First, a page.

X-45C from the side

As of March 2, 2006, the US Air Force has decided not to continue with the X-45 project. However, Boeing submitted a proposal to the Navy for a carrier based demonstrator version of the X-45, designated the X-45N.


The X-45N was Boeing's proposal to the Navy's Unmanned Combat Air Systems demonstration project. When it became known that the US Air Force would end funding to the Joint Unmanned Combat Air System program (which included the X-45 and X-47), the US Navy started its own UCAS program. Requirements were defined over the summer of 2006, and proposals were submitted in April 2007.

The first flight of the X-45N was planned for November 2008, had Boeing won the contract. The contract was eventually awarded to Northrop Grumman's proposed naval X-47, thus ending the X-45 program. Northrop by that point had already been responsible for the first autonomous carrier landing of a UAV.

The software Boeing developed to allow the X-45N to land and takeoff autonomously on aircraft carriers has recently been installed on the first F/A-18F, which has used it to perform autonomous approaches. All autonomous approaches ended with a wave-off by design. This Super Hornet is expected to be able to hook the carrier's arrester cables autonomously by the 2009 timeframe, setting the stage for carrier-borne UAV operations.

Phantom Ray

Boeing plans to develop and demonstrate an unmanned flying test bed for advanced air system technologies. The internally funded program, called Phantom Ray, will use the X-45C prototype vehicle that Boeing originally developed for the Defense Advanced Research Projects Agency (DARPA)/U.S. Air Force/U.S. Navy Joint-Unmanned Combat Air System (J-UCAS) program. The UAV is not aimed at any particular program or competition.

The Phantom Ray project—dubbed “Project Reblue” internally at Boeing—was conceptualized in mid-2007, and started in earnest in June 2008, Davis says. It was kept secret even within the company except for a handful of executives and engineers until May 2009.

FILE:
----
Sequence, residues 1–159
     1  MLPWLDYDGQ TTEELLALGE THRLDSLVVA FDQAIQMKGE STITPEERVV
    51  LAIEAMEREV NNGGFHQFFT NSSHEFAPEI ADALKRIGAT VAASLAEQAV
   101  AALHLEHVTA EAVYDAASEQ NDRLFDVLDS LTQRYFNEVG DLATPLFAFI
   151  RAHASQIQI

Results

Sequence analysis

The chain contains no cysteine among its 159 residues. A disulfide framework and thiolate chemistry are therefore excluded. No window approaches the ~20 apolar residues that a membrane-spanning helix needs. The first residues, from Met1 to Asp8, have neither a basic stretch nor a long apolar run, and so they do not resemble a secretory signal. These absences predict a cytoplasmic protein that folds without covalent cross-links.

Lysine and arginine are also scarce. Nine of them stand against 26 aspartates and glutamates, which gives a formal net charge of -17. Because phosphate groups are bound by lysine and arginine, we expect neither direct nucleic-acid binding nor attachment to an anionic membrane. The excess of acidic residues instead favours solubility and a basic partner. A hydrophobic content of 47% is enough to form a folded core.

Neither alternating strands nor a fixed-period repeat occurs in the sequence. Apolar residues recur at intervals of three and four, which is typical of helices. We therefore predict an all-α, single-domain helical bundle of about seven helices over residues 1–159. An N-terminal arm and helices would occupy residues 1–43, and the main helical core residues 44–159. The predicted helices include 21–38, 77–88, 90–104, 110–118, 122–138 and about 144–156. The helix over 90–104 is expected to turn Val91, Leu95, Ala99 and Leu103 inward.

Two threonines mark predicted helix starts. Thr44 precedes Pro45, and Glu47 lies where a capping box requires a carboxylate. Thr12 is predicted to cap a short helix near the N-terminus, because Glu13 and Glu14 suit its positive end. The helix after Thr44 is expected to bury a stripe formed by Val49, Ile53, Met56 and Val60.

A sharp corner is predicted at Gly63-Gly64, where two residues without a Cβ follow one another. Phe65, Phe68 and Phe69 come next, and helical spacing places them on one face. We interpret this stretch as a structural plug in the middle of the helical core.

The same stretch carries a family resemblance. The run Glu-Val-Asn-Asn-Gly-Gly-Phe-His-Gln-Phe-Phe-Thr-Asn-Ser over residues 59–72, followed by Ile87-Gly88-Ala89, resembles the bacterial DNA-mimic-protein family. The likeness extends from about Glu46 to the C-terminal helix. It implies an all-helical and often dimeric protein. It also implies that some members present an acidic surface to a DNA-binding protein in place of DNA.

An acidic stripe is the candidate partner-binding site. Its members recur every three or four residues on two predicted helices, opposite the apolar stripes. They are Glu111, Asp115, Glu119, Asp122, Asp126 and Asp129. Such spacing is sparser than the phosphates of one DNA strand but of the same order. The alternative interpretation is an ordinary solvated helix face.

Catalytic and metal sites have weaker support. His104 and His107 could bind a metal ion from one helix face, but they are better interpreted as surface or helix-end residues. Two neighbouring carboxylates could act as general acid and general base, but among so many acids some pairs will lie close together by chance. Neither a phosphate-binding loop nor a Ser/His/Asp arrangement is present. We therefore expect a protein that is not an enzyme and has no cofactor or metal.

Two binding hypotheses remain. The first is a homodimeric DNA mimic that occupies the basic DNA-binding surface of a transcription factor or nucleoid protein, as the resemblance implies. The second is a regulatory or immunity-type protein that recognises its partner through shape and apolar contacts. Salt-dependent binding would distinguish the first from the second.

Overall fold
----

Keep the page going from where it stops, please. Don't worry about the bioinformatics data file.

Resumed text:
The Phantom Ray demonstrator is scheduled to make its first flight in December 2010. The aircraft will conduct 10 flights over a period of approximately six months, supporting missions that may include intelligence, surveillance and reconnaissance; suppression of enemy air defenses; electronic attack; hunter/killer; and autonomous aerial refueling.

Specifications (X-45A)

See also


  1. The 50th flight: Two X-45s work autonomously as a group and successfully attack previously undetected targets
  2. Boeing news release
  3. "Boeing Receives First Engines for X-45C UCAV". Boeing, November 18, 2004.
  4. "Boeing Awarded Additional $175 Million for Joint Unmanned Combat Air Systems Capability Demonstration Program". Boeing, July 11, 2005.
  5. "J-UCAS ending", Aviation Week and Space Technology.
  6. "Navy's UCAS program", Aviation Week and Space Technology.
  7. article; Navy UCAS proposals", Aviation Week and Space Technology
  8. "Winner to be selected in late 2007 or early 2008", Aviation Week and Space Technology.
  9. "Navy awards UCAS-D contract to Northrop Grumman X-47 team
  10. "Northrop Grumman Fire Scout performs first autonomous naval landing of a UAV"
  11. "Video of first autonomous naval landing of a UAV"
  12. "F/A-18F approaches carrier autonomously, will soon land autonomously", Aviation Week and Space Technology.
  13. "Boeing's Phantom Ray - the 'Phoenix' of UCAVs". Aviation Week.
  14. "Breaking: Boeing resurrects X-45C as 'Phantom Ray' testbed". Flight Global.
  15. Butler, Amy. "Boeing Unveils ‘Phantom Ray’ Combat UAS Demonstrator". Aviation Week, May 11, 2009.